Take a close look at this weekend’s schedule, particularly in the NFC. You’ve got a rematch of the conference championship game, with the Bears hosting the Packers. There’s the Eagles and Giants, jawing back and forth, with one side getting its quarterback healthy and the other defending itself against accusations of faked injuries. At 2-0, the Lions are finally making their move, while Adrian Peterson and the Vikings are desperate to avoid an 0-3 start. And then the Redskins and Cowboys stand alone on the Monday night stage.
Kind of makes you wonder why we haven’t been doing this all along.
The NFL should open each season with division games in Weeks 1, 2 and 3, and close it with rematches in Weeks 15, 16 and 17. Squeeze the byes and all the random 49ers-Bengals and Ravens-Rams games in between.
With yardage and scoring through the roof, there are few things the NFL could do to make the on-field product better. Starting and ending each season with division games is one.
Imagine if each Cowboys’ season started with the Redskins in Week 1, a trip to New York in Week 2, and Philly in Week 3? Or what about the Browns coming out of the gate against the Bengals, Steelers and Ravens? Wouldn’t Packers fans love to get an edge on the Vikings, Bears and Lions right away?
NFC South games sure would beat Carolina’s opening schedule this season: at Arizona, home against Green Bay and Jacksonville. Competitive games, but not exactly natural rivals.
The NFL has already taken steps in this direction, by trying its darndest to have teams play division rivals in Weeks 16 and 17. But why not just go whole hog?
First, it would eliminate the scheduling quirk of having to play a team twice in a three- or four-week span. Seeing a team in Week 1 and Week 15 is hardly like seeing the same team at all. Think of the Cowboys last season. In Week 1 they were led by Wade Phillips and Tony Romo and had dreams of playing in the Super Bowl on their home field. By Week 15, Jason Garrett was the coach, Jon Kitna was the QB and the franchise was trying to find its direction.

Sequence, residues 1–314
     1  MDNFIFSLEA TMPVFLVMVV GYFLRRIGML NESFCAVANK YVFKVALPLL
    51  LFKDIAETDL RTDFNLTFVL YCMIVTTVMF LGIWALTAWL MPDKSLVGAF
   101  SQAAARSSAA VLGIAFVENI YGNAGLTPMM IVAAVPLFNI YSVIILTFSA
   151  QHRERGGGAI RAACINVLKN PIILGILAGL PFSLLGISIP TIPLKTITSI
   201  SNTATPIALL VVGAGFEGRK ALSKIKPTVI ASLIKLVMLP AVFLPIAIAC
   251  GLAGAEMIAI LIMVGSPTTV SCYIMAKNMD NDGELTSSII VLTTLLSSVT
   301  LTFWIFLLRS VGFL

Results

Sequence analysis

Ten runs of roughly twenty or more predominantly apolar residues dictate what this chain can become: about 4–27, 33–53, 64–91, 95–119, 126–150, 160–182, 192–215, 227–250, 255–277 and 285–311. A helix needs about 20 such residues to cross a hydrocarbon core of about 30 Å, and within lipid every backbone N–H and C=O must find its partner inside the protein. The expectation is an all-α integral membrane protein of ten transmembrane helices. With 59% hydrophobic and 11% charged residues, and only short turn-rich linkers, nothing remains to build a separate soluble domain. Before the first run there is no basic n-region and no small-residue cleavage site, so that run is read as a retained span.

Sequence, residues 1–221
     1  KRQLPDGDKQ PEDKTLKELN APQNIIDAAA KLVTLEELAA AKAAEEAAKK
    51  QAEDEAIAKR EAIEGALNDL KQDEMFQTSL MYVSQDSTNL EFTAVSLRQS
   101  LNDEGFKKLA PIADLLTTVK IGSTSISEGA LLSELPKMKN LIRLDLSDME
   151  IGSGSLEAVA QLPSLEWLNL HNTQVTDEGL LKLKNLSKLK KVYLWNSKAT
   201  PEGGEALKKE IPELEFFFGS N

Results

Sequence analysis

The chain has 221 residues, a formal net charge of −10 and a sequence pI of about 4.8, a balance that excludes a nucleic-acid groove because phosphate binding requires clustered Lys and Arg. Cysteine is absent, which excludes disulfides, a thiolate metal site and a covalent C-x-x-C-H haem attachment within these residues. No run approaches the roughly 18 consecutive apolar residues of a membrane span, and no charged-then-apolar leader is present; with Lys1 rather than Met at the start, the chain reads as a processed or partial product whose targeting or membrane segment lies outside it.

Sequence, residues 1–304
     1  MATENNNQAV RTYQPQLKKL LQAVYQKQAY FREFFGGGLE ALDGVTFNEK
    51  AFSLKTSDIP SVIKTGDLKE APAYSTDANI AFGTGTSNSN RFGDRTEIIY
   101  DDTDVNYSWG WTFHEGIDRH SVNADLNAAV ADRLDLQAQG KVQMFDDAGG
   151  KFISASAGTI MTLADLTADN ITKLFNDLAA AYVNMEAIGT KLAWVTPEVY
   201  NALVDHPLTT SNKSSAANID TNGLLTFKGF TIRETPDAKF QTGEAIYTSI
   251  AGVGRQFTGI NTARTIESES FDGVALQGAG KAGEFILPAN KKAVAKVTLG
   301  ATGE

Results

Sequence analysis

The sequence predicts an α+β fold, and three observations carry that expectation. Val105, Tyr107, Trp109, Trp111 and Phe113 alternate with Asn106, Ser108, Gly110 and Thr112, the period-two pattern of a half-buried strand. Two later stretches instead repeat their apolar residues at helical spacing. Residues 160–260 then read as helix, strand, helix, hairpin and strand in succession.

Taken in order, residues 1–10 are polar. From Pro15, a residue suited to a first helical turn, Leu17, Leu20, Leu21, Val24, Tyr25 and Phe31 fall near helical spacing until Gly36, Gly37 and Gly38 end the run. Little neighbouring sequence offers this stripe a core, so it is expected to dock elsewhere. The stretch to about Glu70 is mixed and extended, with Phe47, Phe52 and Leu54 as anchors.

Second, it would guarantee great matchups to open the season, and even better ones down the stretch. The teams in the postseason hunt would need division and conference wins to bolster their playoff hopes, and the format would reward teams playing their best at the end. Fans of the teams out of the hunt would at least have reason to go to games. Raiders-Broncos is Raiders-Broncos whether it’s all on the line or nothing at all is.
I’m sure there are logistical hurdles to making the schedule this formulaic and perfect. (TV needs to believe it can find enough compelling October and November matchups without division games to lean on, for instance).
In 2002, the NFL did a wise thing in expanding to 32 and switching to eight four-team divisions — the perfect number to award a home playoff game against a wild-card team to each champion. At the time, the NFL’s rearranging wasn’t considered a no-brainer. In hindsight, it preserved rivalries and even enhanced new ones. The Bucs are a much better fit alongside the Falcons, Saints and Panthers than they were in the old NFC North. With the tight, four-team divisions, we know exactly what to expect, and it works beautifully.
Look no further than this week’s schedule — which, in addition to the NFC East and NFC North clashes, features Falcons at Bucs, Patriots at Bills, Chiefs at Chargers and Cardinals at Seahawks — to remind yourself what we love about division games in the NFL.
Then imagine each season starting and ending with a three-week division round robin. The NFL could actually get more perfect.